Westmorland Dales Landscape Partnership

The Westmorland Dales Landscape Partnership Scheme ran from March 2019 to February 2024. Its vision was to unlock and reveal the hidden heritage of the Westmorland Dales, enabling more people to connect with, enjoy and benefit from this inspirational landscape. 

Download the Westmorland Dales Landscape Partnership Scheme Summary Report for an overview of the Scheme's successes.


Welcome …

… to the Westmorland Dales website.

The Westmorland Dales Landscape Partnership Scheme aimed to unlock and reveal the hidden heritage of the Westmorland Dales, enabling more people to connect with, enjoy and benefit from this inspirational landscape. Specifically, its objectives were to:

  • Reveal the area’s hidden heritage.
  • Conserve what makes the area special.
  • Engage people in enjoying and benefitting from their heritage.
  • Sustain the benefits of the scheme in the long-term.

This was achieved through a programme of projects developed and delivered through the Westmorland Dales Landscape Partnership, led by Friends of the Lake District and the Yorkshire Dales National Park Authority, and mainly funded through the National Lottery Heritage Fund. It ran over a five-year period from March 2019 to February 2024.

Here you can discover what makes the area so special, find out about the scheme’s projects, and view and download resources produced.

The Westmorland Dales

The Westmorland Dales is a beautiful area of Cumbria lying  north of the Howgill Fells and within the north-west corner of the Yorkshire Dales National Park. It stretches from Tebay in the south-west to Kirkby Stephen in the east and to Maulds Meaburn in the north-west. At its heart are the limestone fells above Orton and Asby, rich in natural and cultural heritage, and with magnificent views to the Pennines, the Howgills and the Lakeland fells. It drains into the Lune river catchment to the south and the Eden river catchment to the north. Relatively overlooked compared with its better-known neighbours, our projects have aimed to reveal its heritage for more to enjoy without detracting from its unique qualities. (Click on map for larger image)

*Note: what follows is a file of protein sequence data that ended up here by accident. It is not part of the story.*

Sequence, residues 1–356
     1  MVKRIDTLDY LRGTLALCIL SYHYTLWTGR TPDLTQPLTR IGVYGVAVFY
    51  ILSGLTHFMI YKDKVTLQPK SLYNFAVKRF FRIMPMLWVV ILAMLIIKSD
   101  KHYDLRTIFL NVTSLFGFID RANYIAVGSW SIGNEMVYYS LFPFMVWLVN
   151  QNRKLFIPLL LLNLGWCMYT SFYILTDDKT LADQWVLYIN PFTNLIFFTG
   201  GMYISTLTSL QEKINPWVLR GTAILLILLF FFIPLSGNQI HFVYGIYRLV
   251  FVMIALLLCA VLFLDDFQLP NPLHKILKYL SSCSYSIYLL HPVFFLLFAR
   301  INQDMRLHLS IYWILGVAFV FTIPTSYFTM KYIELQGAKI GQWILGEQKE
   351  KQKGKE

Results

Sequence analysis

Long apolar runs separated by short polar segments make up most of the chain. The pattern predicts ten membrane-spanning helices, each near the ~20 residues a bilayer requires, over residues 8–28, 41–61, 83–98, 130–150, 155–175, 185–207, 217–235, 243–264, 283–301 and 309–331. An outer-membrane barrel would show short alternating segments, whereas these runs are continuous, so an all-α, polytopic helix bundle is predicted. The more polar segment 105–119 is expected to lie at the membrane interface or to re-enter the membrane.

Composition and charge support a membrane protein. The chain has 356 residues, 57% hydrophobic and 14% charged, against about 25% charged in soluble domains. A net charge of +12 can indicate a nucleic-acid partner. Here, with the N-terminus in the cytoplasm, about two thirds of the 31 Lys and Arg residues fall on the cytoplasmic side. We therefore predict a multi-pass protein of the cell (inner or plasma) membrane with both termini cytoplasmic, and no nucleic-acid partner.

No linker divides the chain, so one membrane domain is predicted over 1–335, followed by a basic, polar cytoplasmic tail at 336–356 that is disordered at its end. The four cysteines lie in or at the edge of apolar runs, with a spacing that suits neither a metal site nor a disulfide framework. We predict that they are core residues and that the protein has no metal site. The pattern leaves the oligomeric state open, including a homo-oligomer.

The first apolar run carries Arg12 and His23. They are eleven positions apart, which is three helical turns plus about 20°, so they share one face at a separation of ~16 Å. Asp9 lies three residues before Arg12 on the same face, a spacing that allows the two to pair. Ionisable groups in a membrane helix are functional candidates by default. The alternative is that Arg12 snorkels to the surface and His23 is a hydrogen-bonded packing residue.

Contact information

Friends of the Lake District
Murley Moss, Oxenholme Road, Kendal, Cumbria LA9 7SS
Main Telephone:  01539 720788
Yorkshire Dales National Park Authority
Yoredale, Bainbridge, Leyburn, North Yorkshire DL8 3EL
Main Telephone:  01969 652300

Lune Rivers Trust undertook surveys in the tributaries of the upper Lune for salmon, trout, sea trout and other river species, including native crayfish to understand the prevalence of key species in the area.

Project lead: Tim Pitt, Lune Rivers Trust

The involvement of Lune Rivers Trust developed relatively late in the Scheme. Limited resources were available for river restoration and natural flood management within the upper Lune catchment, so this project concentrated on surveying key indicator species in the main tributaries. The aim was to collect better data that would inform later conservation projects.

This project included:

eDNA testing in the summer of 2021 to detect the presence of White Clawed Crayfish and other species.

Electro-fishing of rivers and becks within the upper Lune catchment in 2022 and 2023 with staff, volunteers and apprentices. 12 locations were sampled in 2022, but it was only possible to survey 8 locations in 2023 due to the abnormally high river levels.

The training and licencing of LRT staff in crayfish surveying in 2022. Again, due to high river levels it was only possible to survey one location for White Clawed Crayfish in 2023.

The limited results of the 2023 survey are being analysed, but a summary of the 2022 findings is available on the webinar recording on this website:

Salmon, Trout and Crayfish in the Upper Lune webinar

In general, disappointingly low numbers of key fish species were recorded throughout the project area, although one or two tributaries, including the Birk Beck, were significantly better. The presence of White-Clawed Crayfish was detected on two becks, Chapel Beck and Rais Beck.

Further information is available from the Lune Rivers Trust website.